atmosphere of the Abwehr office. Sometime, I believe it was
the middle of August - the precise date can be found in the
corresponding entry of the diary - Abwehr Section I, as well
as my section, Abwehr Section II, were charged with the job
of providing or keeping in readiness Polish uniforms and
equipment, as well as identification cards, and so on, for
the undertaking "Himmler". This request, according to an
entry in my diary made by my aide-de-camp, was received by
Canaris from the Wehrmacht Fuehrungstab or from the
"Landesverteidigung" - National Defence.

Q. Do you know whence this request originated?

A. Whence the request originated I cannot say. I can only
repeat how it reached us in the form of an order. It was, to
be sure, an order on which we, the chiefs of sections
concerned, already had some misgivings without knowing what,
in the last analysis, it was about. The name Himmler,
however, was eloquent enough. In the pertinent entries of
the diary, expression is given to the fact that I asked the
question why Mr. Himmler was to receive uniforms from us.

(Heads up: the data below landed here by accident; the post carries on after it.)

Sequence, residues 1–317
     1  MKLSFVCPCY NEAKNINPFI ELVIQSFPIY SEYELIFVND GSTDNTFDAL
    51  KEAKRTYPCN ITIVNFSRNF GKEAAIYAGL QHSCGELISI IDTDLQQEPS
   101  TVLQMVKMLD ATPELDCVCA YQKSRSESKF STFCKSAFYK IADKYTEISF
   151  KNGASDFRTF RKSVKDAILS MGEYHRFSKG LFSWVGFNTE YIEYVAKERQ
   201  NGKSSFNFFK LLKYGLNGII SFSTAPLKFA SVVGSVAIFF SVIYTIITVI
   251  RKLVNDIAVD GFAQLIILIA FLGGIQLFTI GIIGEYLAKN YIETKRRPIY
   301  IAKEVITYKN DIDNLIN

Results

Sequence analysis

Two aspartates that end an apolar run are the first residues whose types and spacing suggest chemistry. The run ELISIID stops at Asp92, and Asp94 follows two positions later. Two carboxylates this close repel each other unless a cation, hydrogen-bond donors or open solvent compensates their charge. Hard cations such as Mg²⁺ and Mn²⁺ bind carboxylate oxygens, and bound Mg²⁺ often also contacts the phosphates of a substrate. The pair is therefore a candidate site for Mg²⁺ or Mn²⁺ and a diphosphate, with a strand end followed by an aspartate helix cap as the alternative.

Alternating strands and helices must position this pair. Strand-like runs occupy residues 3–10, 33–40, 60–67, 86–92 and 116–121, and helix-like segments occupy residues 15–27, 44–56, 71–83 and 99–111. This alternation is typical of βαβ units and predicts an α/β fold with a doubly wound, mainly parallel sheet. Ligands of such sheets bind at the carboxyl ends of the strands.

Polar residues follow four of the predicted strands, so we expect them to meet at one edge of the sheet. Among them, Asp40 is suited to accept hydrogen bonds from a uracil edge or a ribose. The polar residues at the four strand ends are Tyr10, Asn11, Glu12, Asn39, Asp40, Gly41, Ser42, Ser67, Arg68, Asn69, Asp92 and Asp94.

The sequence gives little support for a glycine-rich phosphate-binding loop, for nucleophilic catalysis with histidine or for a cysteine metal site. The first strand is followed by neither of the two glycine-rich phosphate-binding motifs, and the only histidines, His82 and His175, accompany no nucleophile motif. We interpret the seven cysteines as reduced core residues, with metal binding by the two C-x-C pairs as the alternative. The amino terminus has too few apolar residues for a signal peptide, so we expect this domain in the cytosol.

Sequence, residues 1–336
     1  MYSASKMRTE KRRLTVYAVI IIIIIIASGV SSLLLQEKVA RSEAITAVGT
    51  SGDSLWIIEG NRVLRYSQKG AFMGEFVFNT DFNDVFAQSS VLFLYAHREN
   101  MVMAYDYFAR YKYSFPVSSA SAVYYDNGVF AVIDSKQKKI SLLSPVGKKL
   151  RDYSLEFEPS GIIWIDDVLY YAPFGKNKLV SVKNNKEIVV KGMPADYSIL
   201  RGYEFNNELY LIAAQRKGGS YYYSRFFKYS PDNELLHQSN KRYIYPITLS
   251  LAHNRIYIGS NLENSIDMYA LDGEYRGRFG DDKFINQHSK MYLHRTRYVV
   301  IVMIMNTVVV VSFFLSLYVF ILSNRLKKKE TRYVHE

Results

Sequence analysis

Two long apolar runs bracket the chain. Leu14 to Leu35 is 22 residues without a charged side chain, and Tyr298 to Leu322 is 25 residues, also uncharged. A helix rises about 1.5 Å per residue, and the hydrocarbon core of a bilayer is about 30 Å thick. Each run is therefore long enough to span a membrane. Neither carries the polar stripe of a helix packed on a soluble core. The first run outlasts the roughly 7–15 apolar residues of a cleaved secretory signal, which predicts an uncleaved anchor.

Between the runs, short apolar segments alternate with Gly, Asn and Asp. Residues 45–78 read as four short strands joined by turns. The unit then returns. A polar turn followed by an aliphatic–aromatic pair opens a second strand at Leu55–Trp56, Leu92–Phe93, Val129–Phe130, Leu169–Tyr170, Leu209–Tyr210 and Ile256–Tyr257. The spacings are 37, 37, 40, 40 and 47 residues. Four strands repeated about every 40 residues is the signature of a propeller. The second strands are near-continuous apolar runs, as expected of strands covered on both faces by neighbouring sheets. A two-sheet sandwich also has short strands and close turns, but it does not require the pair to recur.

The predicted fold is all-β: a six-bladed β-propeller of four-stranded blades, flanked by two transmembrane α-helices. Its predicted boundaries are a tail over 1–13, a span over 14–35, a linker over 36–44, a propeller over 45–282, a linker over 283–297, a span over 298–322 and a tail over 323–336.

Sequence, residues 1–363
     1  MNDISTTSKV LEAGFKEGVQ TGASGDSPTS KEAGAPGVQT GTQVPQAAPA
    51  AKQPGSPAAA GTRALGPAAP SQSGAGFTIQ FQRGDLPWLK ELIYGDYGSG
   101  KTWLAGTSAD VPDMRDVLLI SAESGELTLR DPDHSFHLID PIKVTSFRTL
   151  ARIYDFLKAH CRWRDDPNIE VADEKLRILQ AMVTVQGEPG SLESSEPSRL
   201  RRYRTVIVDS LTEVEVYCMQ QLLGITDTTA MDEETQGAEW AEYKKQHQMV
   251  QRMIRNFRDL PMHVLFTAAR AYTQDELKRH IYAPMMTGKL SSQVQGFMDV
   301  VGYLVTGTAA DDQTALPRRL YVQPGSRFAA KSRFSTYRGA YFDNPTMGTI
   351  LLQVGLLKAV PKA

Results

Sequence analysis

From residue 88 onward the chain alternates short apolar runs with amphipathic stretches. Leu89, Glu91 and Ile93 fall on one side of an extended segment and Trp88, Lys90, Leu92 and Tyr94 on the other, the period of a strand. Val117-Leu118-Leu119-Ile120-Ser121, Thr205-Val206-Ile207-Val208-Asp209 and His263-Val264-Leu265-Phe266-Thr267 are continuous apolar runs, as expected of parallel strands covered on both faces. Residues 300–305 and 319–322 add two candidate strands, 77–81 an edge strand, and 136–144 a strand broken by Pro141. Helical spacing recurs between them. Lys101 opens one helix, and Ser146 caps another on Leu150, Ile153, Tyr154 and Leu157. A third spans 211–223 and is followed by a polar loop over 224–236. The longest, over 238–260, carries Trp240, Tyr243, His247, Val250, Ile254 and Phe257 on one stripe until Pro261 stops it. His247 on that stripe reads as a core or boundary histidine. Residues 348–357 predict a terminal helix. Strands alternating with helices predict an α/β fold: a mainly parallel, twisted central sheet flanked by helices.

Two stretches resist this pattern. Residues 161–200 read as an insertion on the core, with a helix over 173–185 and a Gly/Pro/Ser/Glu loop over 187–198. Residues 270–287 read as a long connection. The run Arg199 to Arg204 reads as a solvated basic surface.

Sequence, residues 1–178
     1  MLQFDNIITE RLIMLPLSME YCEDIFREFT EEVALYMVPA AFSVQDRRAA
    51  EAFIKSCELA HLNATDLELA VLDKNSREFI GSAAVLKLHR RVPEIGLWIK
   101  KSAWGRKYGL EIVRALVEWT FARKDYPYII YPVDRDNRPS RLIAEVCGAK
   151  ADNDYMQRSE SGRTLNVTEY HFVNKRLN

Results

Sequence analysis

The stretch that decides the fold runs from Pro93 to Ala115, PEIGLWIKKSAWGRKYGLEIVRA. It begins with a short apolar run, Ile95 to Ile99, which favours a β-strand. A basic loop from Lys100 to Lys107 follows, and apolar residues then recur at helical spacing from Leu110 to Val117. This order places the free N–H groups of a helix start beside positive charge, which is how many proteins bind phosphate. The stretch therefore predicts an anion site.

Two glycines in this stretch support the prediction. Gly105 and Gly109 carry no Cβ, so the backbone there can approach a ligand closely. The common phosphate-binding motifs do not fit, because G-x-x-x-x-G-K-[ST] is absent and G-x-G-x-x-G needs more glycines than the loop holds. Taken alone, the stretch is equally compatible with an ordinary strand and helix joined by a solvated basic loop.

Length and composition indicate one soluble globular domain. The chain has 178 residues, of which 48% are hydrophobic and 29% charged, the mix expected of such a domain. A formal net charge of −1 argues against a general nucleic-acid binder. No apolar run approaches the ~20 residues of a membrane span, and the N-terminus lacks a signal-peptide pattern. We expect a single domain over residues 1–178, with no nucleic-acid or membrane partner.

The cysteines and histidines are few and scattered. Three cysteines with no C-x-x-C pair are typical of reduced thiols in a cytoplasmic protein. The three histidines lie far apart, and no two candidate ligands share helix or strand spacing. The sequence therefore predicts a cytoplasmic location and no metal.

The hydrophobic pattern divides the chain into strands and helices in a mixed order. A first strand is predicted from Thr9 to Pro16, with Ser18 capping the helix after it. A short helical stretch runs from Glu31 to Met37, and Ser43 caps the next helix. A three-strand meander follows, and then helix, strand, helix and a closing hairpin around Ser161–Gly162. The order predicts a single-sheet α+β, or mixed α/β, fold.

Q. To whom was the Polish material to be furnished by the

A. These articles of equipment had to be kept in readiness,
and one day some man from the S.S. or the S.D. - the name is
given in the official war-diary of the department - fetched

                                                  [Page 277]

Q. At what time was the Abwehr informed as to how this
Polish material was to be used?

A. The real purpose, which we do not know in its details
even to-day, was concealed from us, we did not learn it,
though at the time we had a very understandable suspicion
that something crooked was afoot, particularly because of
the name of the undertaking.

Q. Did you subsequently find out from Canaris what in fact
had happened?

A. The actual course of events was the following: When the
first war-bulletin appeared, which spoke of the attack of